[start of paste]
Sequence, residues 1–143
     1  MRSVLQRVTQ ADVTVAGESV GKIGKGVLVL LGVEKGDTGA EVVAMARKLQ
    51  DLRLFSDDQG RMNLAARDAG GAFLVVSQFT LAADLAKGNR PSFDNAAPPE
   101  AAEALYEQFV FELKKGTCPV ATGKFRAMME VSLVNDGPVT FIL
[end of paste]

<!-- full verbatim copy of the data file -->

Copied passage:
Sequence, residues 1–143
     1  MRSVLQRVTQ ADVTVAGESV GKIGKGVLVL LGVEKGDTGA EVVAMARKLQ
    51  DLRLFSDDQG RMNLAARDAG GAFLVVSQFT LAADLAKGNR PSFDNAAPPE
   101  AAEALYEQFV FELKKGTCPV ATGKFRAMME VSLVNDGPVT FIL